Explore these top ten winter walks in Lancashire!
Lancashire is a truly beautiful county in winter as snow settles on the hilltops you’ll likely need wellies or sturdy footwear for any of these Lancashire winter walking trails.
Fairy Glen is a woodland vale above Appley Bridge and close to Parbold Hill. The footpaths through Fairy Glen pass cliff edges, long-fallen trees and cascading waterfalls. A little imagination and some storytelling and the little ones will truly believe this is a magical place. Look closely and you’ll see the outline of mythical faces carved by time in the gnarly tree trunks. A peaceful haven in winter, Fairy Glen is pleasantly sheltered from the wind that can whip across High Moor above.
Hoghton Tower trails
Near Preston, Hoghton Tower is a 16th Century fortified manor house. There are several routes to take through the peaceful grounds that are easy to follow from the main car park. Ideal for a winter stroll, surfaced footpaths meander around the property and its formal gardens. If you’re keen on an eerie wander, look out for the spooky tours of the house that run from October to February. They will certainly spark curiosity into Hoghton Tower’s history and that of its former residents as the sun sets behind the ancient sandstone walls.
Pendle Hill dominates the landscape of north-eastern Lancashire. As the sun crosses the horizon on its low winter trajectory, grey clouds loom above Pendle Hill and shadows dance ominously on its slopes as the wind sways the surrounding forest. The history of Pendle Hill is as fascinating as it is mysterious. From here, the Pendle witches were led to Lancaster for trial in 1612. There are a number of trails up and around Pendle Hill that tell the stories of this impressive landmark and those who walked it before.
Rowley Lake and Brun Valley Forest Park
Rowley Lake is a man-made body of water with a dam and weir that contrasts beautifully with the post-industrial landscape of Burnley. The seven-acre lake is part of the Brun Valley Forest Park and is surrounded by towering trees that provide walking shelter on the windiest of days. A circular walk around the water on well-maintained, flat paths makes for a pleasant stroll on winter days.
Sunderland Point and Sambo’s Grave
A walk along the Lancashire coastline in winter will certainly blow away the cobwebs if you’ve been hibernating indoors. The Lancashire Coastal Way runs along the county’s entire seaboard and there are several stages that can be rambled in a few hours. The section between Middleton Sands and Sunderland Point has a suitable ‘end of days’ feel in gloomy weather. The route crosses a causeway to reach the isolated village of Sunderland Point. Here you’ll find Sambo’s Grave, the unconsecrated burial site of a boy assumed to have been a slave. His 18th Century epitaph talks of the “angry winters wave… thundering this bleak and barren shore”. Apt words for a stroll on a bracing day.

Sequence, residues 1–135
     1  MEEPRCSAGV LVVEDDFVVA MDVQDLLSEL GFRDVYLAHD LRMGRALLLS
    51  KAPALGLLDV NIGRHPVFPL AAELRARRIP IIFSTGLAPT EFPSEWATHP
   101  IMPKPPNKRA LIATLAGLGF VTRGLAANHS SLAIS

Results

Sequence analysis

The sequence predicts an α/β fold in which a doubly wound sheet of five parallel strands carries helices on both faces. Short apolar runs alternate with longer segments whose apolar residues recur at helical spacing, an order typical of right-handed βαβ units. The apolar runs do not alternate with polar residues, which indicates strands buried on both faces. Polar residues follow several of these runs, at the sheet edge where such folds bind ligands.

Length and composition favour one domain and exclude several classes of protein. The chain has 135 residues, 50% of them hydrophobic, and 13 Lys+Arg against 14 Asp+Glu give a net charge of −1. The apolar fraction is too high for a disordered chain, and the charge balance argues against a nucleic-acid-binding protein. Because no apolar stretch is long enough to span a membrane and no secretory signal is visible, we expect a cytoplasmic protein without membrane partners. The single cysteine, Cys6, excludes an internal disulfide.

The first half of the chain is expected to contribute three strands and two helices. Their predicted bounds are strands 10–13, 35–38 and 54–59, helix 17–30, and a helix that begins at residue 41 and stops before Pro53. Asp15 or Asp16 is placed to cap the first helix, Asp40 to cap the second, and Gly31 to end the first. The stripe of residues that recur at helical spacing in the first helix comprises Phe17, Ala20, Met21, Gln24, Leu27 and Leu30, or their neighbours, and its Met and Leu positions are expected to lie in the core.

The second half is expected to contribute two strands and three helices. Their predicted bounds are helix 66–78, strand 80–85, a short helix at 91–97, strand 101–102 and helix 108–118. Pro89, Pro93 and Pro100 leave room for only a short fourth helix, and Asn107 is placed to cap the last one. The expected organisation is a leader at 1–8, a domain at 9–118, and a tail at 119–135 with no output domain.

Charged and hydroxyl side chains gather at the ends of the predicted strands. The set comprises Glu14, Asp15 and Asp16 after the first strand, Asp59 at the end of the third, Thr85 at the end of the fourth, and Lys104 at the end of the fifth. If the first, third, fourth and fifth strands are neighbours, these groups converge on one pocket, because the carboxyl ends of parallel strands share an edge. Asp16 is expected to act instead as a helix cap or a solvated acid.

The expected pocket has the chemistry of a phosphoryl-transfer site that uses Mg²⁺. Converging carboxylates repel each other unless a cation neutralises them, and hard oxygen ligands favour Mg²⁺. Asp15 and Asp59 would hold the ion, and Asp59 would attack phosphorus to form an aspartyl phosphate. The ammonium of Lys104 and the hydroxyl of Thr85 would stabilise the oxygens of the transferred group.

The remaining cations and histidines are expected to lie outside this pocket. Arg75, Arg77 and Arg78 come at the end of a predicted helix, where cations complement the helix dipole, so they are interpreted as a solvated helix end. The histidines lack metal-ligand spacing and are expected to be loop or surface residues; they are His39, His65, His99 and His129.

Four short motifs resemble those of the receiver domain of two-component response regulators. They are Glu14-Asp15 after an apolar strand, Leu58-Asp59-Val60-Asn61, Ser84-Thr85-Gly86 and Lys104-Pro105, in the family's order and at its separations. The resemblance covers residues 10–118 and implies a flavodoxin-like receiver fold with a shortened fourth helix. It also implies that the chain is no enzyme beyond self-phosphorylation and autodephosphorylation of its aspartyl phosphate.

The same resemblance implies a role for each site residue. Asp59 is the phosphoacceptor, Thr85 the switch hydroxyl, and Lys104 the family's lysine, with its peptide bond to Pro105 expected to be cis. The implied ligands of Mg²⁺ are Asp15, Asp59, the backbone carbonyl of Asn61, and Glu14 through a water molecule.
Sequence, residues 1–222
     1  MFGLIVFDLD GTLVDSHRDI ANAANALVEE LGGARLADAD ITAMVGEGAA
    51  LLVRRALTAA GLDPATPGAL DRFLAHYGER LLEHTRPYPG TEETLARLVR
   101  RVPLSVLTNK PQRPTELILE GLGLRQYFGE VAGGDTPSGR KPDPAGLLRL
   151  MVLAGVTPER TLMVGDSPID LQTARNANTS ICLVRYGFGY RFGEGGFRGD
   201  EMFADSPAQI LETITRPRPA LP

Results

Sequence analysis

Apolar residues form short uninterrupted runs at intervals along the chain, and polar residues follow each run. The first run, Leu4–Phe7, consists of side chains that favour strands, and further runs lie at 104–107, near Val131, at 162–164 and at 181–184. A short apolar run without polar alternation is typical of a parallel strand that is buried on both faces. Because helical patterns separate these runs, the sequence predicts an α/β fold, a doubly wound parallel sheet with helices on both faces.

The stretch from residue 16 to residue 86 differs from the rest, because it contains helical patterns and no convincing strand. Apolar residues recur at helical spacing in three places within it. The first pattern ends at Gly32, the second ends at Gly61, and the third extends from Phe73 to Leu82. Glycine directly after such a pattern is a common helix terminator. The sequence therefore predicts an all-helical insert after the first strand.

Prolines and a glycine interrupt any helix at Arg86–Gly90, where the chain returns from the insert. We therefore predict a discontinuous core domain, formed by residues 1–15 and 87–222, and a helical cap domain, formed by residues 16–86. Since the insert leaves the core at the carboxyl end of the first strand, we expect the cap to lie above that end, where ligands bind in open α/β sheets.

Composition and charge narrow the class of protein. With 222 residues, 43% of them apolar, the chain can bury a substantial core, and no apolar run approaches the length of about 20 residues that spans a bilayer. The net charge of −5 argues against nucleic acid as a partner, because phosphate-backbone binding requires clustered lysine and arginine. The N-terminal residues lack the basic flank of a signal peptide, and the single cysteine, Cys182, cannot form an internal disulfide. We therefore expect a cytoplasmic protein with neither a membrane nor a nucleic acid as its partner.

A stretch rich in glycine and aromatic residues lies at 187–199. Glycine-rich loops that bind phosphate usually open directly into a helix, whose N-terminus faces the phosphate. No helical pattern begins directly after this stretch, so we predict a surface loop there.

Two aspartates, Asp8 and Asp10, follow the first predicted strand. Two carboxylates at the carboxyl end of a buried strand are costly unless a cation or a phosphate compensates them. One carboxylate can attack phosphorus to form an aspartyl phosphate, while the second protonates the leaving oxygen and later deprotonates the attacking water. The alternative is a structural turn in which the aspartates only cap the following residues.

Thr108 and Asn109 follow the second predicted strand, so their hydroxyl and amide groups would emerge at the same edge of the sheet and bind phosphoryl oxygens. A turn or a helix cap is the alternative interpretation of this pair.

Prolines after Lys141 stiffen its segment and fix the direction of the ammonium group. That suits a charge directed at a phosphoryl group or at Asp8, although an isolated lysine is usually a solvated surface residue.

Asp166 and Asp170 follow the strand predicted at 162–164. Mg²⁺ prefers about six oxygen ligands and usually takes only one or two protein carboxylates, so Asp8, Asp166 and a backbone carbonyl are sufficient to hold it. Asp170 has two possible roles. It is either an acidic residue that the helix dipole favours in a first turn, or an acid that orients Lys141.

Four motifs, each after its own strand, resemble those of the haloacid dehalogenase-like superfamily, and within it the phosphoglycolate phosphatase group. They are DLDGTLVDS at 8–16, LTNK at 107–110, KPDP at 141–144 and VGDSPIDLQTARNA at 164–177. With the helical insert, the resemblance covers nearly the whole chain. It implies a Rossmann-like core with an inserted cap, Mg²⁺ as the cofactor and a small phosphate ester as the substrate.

Johnson Hillock Locks
Perfect for snowy, wintry weather, a towpath stroll around the Johnson Hillock Locks ensures a flat, fairly sure-footed trip outdoors. Johnson Hillock Locks are an impressive series of seven locks near Chorley that raise the waterway by 66 feet. When the winter sun is low in the sky, the glistening reflection of snowy surrounds on the water is stunning as the icicles on the lock gates drippily melt. A lovely walk is to start and end at the Top Lock pub that sits just off the bridge carrying the road through Wheelton over the canal.
The Darwen Tower, completed in 1898 to commemorate Queen Victoria’s Diamond Jubilee, stands tall and proud above the town whose name it shares. A path to the octagonal 85-feet high monument bisects the Earnsdale and Sunnyhurst Hey reservoirs where wildfowl seek refuge in the colder months. Take care on wintry days, it is said that Oliver Cromwell turned back his troops on this moor in bad weather. There is a staircase inside the 86-feet sandstone tower offering views of Snowdonia, the Irish Sea and even the Isle of Man on a crisp, clear day.
The Tolkien Trail
If the Lord of the Rings movies are on your Christmas film list, a visit to the Ribble Valley is a must. Only a 30 minute car ride from our Ribble Valley holiday park, the Tolkien Trail is an easy-to-stroll five and a half miles. It starts and ends in the village of Hurst Green, following in the footsteps of the esteemed author. Tolkien stayed regularly in the area and fans of all things Hobbit will enjoy guessing which landmarks bear a similarity to place names found in his books. The trail has its beginning and finishes at the Shireburn Arms in the village of Hurst Green. Many believe the name of the inn inspired the naming of the River Shirebourne that runs through Middle Earth.
If you’re staying at Silverdale Park then a walk through Eaves Wood, a mile or so from the site, is a lovely way to stretch your legs on a crisp, cold day. Sheltered paths extend through the woodland before the trees suddenly give way to stunning views over Eaves Wood’s abandoned quarry. Following the waymarked path that hugs the treeline then opens out once more to provide vistas out to Arnside Knott and a chance to explore the ruins of Arnside Castle.
Bolton-le-Sands to Carnforth
A wonderful walk for a winter’s day that can be started from the Bay View park is to walk from Bolton-le-Sands itself along to Carnforth. This towpath trail along the Lancaster Canal offers views out across Morecambe Bay and further out to the Lake District on clear days. We recommend walking along the coastal footpath from Bolton Le Sands to Bay View and then through Bay View onto the canal footpath to Carnforth itself.
The best winter walks in Lancashire aren’t complete without lunch in a cosy pub before settling down in your own haven from the elements in a Holgates park, be it a lodge, cottage, caravan or glamping pod. Ready to book your winter break in Lancashire? Take a look at our latest availability.